1. Pain.  Pain is never normal—heel pain, arch pain, painful bunions, hammertoes, corns and calluses.  
  2. Skin conditions.  Warts, rashes, identifying skin cancers in the feet, fungal conditions of skin and nails. Ingrown toenails.
  3. Sports injuries. Sprains, strains, fractures of the toes, feet and ankles. (and without the long waits in emergency rooms only to be seen by non-specialists)
  4. Specialized care for diabetics.  Treatment of ulcers and infections, preventive foot care that is vital for diabetics.
  5. Specialized care for children.  Besides common ingrown nails and warts, most adult foot issues have their roots in how the child develops structurally. Getting an early start on treating and preventing problems pays off in the long run. “Prevention is better than correction”.

There’s actually more to the list.  As you can see, the podiatrist is a generalist on a specific area of the body—part primary care, orthopedist, dermatologist, rheumatologist, radiologist, pediatrician, surgeon, and more.  For most any issue involving the foot and ankle, some of which can cause leg, knee, hip or back pain as well, the podiatrists office is the place to go!

For more information or an appointment, contact us at 732-382-3470 or visit our website at www.clarkpodiatry.com

At Clark Podiatry Center, we want to keep you walking!

Among the various possible childhood health problems, foot problems often take a back seat. It’s not until they begin to walk, run, and have injuries that make you realize that the feet can have problems. When it comes to feet, the first things you might notice are the way they walk, as well as the way their feet are growing. If you notice that their feet are flat, should you be worried?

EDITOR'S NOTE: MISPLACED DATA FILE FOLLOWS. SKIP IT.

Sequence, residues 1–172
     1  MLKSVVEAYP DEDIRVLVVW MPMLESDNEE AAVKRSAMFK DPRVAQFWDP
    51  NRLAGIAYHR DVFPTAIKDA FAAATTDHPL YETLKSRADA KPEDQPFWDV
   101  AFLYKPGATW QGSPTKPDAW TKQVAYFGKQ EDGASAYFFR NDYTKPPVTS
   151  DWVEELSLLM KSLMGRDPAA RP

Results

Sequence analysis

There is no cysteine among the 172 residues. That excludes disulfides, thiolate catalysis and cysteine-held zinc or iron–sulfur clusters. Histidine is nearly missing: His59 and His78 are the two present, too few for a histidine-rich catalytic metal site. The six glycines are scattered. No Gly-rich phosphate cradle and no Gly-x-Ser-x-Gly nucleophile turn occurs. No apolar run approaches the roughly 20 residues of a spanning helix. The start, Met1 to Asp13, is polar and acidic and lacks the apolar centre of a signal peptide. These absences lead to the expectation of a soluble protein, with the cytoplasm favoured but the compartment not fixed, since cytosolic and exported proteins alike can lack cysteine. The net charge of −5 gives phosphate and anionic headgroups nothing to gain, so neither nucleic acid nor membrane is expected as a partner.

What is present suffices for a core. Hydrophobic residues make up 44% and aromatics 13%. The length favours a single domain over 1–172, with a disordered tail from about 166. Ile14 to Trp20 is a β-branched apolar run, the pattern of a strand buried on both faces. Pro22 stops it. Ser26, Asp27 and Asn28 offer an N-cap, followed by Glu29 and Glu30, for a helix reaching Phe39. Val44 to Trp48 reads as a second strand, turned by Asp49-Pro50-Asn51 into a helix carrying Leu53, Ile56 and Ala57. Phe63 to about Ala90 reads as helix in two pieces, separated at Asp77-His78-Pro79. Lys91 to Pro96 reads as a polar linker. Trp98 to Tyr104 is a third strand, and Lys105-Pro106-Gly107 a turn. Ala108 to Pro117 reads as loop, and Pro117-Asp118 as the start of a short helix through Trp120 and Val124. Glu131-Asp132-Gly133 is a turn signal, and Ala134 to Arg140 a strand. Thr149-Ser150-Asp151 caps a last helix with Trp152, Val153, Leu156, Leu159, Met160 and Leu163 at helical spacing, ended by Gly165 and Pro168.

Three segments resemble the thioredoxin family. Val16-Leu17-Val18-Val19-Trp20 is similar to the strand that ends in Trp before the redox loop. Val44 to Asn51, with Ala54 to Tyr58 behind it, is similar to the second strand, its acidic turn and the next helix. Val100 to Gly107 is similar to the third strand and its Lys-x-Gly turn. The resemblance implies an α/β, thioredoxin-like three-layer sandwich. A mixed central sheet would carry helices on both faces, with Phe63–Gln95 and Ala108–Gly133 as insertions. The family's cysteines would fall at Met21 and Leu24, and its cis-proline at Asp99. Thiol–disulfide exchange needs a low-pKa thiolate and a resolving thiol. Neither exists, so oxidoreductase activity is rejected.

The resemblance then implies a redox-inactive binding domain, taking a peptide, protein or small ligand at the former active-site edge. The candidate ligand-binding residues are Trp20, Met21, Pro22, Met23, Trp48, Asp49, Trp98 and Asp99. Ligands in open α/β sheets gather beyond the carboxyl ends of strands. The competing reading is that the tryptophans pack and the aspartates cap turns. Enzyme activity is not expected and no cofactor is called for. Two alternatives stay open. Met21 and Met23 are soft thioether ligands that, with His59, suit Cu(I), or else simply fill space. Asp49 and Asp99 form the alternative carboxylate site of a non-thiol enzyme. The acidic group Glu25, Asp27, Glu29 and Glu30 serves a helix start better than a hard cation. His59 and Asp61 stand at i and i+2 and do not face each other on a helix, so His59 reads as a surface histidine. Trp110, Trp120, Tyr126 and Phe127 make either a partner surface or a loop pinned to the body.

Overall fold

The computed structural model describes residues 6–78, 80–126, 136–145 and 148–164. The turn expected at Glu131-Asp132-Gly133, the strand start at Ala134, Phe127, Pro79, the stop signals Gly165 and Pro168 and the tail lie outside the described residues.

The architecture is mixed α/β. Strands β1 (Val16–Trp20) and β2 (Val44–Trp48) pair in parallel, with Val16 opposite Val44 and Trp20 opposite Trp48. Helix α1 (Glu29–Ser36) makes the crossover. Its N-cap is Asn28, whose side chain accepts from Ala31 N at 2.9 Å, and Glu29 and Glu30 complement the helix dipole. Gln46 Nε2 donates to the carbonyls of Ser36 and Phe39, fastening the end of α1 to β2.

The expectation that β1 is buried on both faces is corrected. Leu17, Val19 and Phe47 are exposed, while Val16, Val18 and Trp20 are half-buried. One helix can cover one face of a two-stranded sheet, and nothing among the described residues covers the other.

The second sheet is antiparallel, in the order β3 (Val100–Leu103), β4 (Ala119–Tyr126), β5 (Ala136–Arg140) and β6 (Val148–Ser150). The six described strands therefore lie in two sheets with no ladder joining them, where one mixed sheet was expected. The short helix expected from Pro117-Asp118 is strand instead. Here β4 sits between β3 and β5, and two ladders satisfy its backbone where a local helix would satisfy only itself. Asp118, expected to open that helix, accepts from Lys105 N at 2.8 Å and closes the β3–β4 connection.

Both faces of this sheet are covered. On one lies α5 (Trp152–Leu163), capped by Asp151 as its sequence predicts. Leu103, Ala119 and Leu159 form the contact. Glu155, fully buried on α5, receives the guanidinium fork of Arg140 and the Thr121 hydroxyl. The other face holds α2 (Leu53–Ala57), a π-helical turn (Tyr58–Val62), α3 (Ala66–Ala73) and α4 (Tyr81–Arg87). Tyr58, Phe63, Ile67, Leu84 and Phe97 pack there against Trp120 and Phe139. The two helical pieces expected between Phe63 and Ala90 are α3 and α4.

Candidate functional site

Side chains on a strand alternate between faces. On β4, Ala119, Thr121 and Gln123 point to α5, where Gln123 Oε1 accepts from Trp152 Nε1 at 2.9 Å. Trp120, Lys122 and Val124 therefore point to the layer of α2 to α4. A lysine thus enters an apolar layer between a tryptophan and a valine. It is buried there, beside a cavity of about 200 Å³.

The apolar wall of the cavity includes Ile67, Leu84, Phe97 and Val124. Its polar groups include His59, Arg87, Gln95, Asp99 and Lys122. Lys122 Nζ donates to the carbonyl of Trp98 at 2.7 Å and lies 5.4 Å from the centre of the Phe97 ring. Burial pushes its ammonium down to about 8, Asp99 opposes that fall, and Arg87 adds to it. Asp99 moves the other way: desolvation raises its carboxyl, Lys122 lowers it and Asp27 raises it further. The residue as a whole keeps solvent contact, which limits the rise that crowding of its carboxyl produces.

Let’s start with some pediatric flat foot facts:

  • Children are born with extra padding on their cute little feet. This makes their feet look flat, but at this point, it’s nothing to be worried about.
  • As they begin to stand and walk, the arch should begin to form.
  • Arches continue to form as children become adults, meaning that childhood flat feet problems can still resolve as they get older.
  • Not all people with flat feet have associated pain or other chronic problems. Some flat-footed people do not have any problems at all.

So when should you be concerned and bring your child in for an evaluation?

  • If the child complains of foot pain where the arch should be. Pain in the feet is never normal and is not part of “growing pains”.
  • If the flat feet cause your child to over-pronate in their ankles when they walk, it could also cause ankle problems. If he or she has pain in the ankles, come see our podiatrist.